Monday, July 07, 2014

How to make novelists love you

I have just read a newish novel by a respected author and although I thought the central premise of the novel was good, and the narrative drive was strong, and there was other good stuff going on, I could only give it three stars out of five, because I thought the writing had serious shortcomings. I didn’t post a review on Amazon: knowing how hard to is to write a successful novel, as well as how subjective is a reader’s reaction to it, I am squeamish these days about criticising other novelists’ babies.

Do you ever read reviews of novels on Amazon?

Do you know how powerful the reviews and the overall average rating is in persuading other readers to buy a book, or not to buy a book?

And did you know that some people rate the service from Amazon, and not the book?

I just read a two star review of a modern classic that says

“actual second hand book description did not come up to expectations
TATTY would be my description of this book, dog eared and yellowing pages
I will not be buying used again.”

Some people actually do give their opinion of the book itself in a two star review, but along the lines of

“I know this author is well-respected, but I just couldn't continue with this book. It was all the swearing which put me off, not that I never swear, it just didn't seem right that squaddies would use such language in front of their officers in 1914.”

And here is a one star review of another book

“I found the characters and narrative of this book highly irritating and at points I struggled to read on. Aspects of the book were also ridiculously unrealistic. A big dissapoinment [sic] after such amazing reviews!!”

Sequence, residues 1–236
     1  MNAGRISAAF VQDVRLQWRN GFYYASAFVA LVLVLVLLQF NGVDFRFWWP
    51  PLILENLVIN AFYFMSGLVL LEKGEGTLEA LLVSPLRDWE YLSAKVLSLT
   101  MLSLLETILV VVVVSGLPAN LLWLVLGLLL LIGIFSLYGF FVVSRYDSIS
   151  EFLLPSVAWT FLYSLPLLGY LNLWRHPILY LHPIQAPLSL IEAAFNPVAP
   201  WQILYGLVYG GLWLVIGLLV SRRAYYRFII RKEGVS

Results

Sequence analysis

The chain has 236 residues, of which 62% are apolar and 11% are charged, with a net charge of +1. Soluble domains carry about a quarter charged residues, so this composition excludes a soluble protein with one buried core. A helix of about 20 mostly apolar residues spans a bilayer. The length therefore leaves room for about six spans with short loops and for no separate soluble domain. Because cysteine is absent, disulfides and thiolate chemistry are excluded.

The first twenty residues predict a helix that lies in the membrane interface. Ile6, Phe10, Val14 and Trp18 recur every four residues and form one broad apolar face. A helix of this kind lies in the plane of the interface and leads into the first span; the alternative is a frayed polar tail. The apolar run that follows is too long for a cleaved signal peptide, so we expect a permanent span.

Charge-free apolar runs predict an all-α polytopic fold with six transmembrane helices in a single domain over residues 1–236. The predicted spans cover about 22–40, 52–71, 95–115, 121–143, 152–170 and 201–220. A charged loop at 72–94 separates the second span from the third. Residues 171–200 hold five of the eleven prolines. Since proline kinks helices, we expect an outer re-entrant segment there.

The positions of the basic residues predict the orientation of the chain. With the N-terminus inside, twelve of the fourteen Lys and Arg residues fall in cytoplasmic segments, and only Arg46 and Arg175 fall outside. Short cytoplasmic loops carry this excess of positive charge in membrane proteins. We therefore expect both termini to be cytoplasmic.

All three of the above “reviews” pertain to intelligent novels – two of which were listed for major literary prizes. The other is a modern classic.

I am not suggesting that the reactions of the last two readers are not valid, but I am saying that they are not helpful. But isn’t it also the case that sometimes, one is just not in the right mood to enjoy a particular book? Sometimes, I have picked up a book, and then put it down unread, thinking it dull or unrewarding, only to pick it up at another time, and ravish it.

These days, I follow the advice from Thumper in Bambi - “If you can’t say somethin’ nice, don’t say nothin’ at all.”

I would translate this into Amazon book review protocol as never giving anything lower than a three star rating. and if I can’t do that, I don’t post a review.


Because one’s reaction to a book is so personal and subjective, it is a shame to damn a book (and its author) on a forum so public that it will alter the ratings of that book and possibly put other readers off who might enjoy the book – and thus damage sales for the author. When a book is a runaway bestseller, a couple of dodgy “reviews” will be neither here nor there. But when a book is by a new or a little known author, and only five people have rated it on Amazon, a single one star review can bring the average rating down in a powerful and heartsinking way.

So next time you want to blast a book on Amazon – please, think on.


lyn said...

I agree with you, Sue. I only leave reviews for books I've enjoyed & I only review books I enjoy on my blog. If I'm not enjoying a book, I don't finish it & then it would be unfair to review it. I think Amazon reviews are less trustworthy after the scandals recently with authors being targeted by their rivals but it is unfair that a few bad reviews - for whatever reason - can skew the ratings of a book so badly. Lovely to see you writing here again!

Sue Hepworth said...

Thanks for your comments, Lyn, and thank you for the warm welcome back!